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Olympus Bioscapes 2011 Competition 5th Place and an Honorable Mention for NOAA Volunteer

James Nicholson, career microscopist in the Medical University of SC Pathology Department, finds corals fascinating and dedicates most Fridays to NOAA as a volunteer. He scored a 5th place with his image of a single polyp from a colony of the scleractinian coral Goniastrea sp. Unique in this image was the use of both natural coral fluorescence and reflected blue light to highlight the depth of the coral calice, the upper open or oral surface of the polyp’s skeleton.

In addition, Jim's image of a Montastraea sp. coral merited ‘Honorable Mention’. Both images take advantage of the natural fluorescence that many coral species display. This is Jim’s third year in a row to achieve recognition by the Olympus Bioscapes Selection Committee. Many of Jim’s photomicrographs and videos will be available on this webpage in the near future.

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Olympus Bioscapes Competition 3rd Place and an Honorable Mention for NOAA Volunteer

James Nicholson, career microscopist in the Medical University of SC Pathology Department, finds corals fascinating and dedicates most Fridays to NOAA as a volunteer. He scored an impressive 3rd place with his image of a Fungia, a solitary scleractinian coral.

This fascinating image caught the attention of the editor at Scientific American who features the Olympus competition winners. Jim’s image earned a full-page display in the December 2010 issue’s article entitled ‘Life Unseen – Microscopic landscapes show a surprising diversity of forms’ (Scientific American 303(6)70-75[2010]).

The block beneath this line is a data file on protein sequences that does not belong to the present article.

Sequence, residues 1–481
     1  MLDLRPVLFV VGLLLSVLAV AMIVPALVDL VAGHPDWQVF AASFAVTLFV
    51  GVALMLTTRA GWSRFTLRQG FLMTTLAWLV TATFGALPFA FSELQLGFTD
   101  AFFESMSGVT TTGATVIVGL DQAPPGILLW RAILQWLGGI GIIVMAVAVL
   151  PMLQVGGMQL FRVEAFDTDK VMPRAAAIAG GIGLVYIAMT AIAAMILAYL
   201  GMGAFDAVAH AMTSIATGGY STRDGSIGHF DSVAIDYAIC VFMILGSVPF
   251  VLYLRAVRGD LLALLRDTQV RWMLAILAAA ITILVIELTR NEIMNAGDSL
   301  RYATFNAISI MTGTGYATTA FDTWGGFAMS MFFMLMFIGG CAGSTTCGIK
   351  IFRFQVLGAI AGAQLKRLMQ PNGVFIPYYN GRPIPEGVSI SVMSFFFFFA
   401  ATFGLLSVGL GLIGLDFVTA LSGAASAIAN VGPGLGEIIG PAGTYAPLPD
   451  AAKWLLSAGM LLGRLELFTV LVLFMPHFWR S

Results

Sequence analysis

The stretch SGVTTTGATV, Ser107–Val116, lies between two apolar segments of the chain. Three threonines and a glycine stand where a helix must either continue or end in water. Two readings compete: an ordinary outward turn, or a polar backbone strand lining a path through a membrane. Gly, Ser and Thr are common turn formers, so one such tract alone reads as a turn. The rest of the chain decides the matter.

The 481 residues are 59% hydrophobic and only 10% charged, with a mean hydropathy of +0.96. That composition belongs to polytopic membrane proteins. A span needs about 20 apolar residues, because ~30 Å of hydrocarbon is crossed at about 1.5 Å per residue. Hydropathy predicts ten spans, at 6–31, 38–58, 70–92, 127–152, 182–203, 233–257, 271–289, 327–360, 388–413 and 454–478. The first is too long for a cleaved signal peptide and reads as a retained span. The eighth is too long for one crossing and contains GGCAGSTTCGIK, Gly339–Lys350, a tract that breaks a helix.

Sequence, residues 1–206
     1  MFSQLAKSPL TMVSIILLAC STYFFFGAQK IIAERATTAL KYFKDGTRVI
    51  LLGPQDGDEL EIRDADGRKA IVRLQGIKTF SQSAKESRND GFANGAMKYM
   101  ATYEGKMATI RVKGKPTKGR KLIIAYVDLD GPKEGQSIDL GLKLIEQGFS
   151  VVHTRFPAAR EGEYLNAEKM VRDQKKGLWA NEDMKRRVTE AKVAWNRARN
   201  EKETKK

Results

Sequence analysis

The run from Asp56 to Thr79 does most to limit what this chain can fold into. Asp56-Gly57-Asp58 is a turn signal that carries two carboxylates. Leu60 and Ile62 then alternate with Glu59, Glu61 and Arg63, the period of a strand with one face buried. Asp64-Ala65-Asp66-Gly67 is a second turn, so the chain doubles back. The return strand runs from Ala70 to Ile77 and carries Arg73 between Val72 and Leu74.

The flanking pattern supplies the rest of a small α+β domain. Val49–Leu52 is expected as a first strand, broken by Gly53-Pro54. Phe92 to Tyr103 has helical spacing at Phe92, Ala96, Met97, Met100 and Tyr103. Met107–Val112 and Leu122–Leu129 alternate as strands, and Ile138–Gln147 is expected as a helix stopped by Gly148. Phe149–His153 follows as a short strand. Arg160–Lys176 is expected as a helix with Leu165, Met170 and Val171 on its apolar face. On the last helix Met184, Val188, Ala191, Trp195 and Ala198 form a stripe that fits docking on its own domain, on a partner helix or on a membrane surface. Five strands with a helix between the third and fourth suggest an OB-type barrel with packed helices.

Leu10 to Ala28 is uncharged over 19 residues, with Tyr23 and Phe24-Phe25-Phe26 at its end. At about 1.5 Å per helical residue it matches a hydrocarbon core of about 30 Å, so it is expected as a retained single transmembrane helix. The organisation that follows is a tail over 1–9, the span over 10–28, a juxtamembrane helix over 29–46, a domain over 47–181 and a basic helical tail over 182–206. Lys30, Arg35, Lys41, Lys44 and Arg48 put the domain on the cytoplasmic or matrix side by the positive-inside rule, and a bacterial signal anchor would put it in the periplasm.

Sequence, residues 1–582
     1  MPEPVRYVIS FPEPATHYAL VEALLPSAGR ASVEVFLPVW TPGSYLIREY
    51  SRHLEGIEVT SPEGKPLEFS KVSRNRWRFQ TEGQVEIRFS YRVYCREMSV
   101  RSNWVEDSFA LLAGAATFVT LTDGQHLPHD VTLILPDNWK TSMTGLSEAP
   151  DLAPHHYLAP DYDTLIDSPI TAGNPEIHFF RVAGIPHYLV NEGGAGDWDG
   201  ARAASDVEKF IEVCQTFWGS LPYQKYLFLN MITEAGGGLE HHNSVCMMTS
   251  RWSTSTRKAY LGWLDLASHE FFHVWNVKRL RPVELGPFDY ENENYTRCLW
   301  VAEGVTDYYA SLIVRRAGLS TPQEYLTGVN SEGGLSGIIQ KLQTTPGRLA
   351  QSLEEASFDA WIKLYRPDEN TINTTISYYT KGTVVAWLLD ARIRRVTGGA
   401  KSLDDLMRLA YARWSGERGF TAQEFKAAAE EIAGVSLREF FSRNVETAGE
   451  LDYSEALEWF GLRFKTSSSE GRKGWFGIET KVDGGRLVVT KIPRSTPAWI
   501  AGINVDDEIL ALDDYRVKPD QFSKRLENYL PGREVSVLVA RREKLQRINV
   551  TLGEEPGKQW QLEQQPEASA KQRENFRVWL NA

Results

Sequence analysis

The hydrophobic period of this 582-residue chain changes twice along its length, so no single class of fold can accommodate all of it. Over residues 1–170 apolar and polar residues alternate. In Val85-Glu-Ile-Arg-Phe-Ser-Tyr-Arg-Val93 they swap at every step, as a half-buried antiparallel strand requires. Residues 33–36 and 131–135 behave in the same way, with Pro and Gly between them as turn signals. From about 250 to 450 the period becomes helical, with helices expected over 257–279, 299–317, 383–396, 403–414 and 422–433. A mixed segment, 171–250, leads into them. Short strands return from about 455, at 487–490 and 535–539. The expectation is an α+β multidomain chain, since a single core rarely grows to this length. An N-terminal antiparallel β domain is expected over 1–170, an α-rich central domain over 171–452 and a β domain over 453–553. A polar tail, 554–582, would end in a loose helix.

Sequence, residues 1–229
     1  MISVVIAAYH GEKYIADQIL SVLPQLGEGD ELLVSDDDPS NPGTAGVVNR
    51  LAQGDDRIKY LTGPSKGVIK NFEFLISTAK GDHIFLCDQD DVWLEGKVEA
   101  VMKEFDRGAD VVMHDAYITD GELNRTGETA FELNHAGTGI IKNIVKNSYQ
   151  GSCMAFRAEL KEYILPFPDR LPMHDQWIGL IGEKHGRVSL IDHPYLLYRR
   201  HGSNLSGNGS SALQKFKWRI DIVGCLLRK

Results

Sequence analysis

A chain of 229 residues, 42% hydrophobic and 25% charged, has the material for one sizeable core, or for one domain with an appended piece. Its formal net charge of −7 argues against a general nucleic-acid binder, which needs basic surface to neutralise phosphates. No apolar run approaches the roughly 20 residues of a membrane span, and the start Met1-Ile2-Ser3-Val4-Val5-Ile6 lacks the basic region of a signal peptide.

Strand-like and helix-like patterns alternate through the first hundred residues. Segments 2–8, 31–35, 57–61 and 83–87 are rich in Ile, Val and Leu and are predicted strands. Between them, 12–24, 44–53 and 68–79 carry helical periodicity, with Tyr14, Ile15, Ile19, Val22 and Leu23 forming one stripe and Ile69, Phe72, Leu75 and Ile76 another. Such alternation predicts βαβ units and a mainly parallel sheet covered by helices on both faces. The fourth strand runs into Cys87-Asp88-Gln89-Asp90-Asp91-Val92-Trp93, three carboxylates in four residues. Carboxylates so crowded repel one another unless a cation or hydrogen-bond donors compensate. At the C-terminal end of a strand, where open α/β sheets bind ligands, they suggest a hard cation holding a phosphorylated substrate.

In addition, Jim’s image of an Acroporid coral merited ‘Honorable Mention’. Both images take advantage of the natural fluorescence that many coral species display. Many of Jim’s photomicrographs and videos will be available on this webpage in the near future.

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NOAA Volunteer Competes Successfully in the Nikon “Small World” Photomicrography Competition

James Nicholson, career microscopist in the Medical University of South Carolina Pathology Department, finds corals fascinating and dedicates most Fridays to NOAA as a volunteer. In this year’s competition he scored a 15th Place with his image of a diseased Porites lobata displaying exaggerated red fluorescence associated with a tissue pigmentation response (TPR). His genius with a fluorescent microscope takes advantage of most corals’ inherent ability to fluoresce when stimulated with lights ranging from UV to violet and blue through green. In this case the red fluorescence exhibited by this coral is diagnostic for the TPR condition.

The delicate, often transparent, features of coral polyps come alive when emitting fluorescence, enabling the imaging of structures of live corals difficult to visualize under typical room lighting. He particularly enjoys the chance to observe changes in live coral health and behavior at a microscopic level while avoiding the perils of normal microscopy wherein the sample/specimen is sliced/diced, fixed, stained and mounted for static observation.

In addition to his outstanding photomicrographs, ‘Jim’ has captured some extraordinary videos using time-capture photography. An interesting note is that Jim’s 2009 winning entry, Image of Distinction, is being used as the banner on the Small World e-mail updates shown on the Nikon Homepage. Many of Jim’s photomicrographs and videos will be available on this webpage in the near future.

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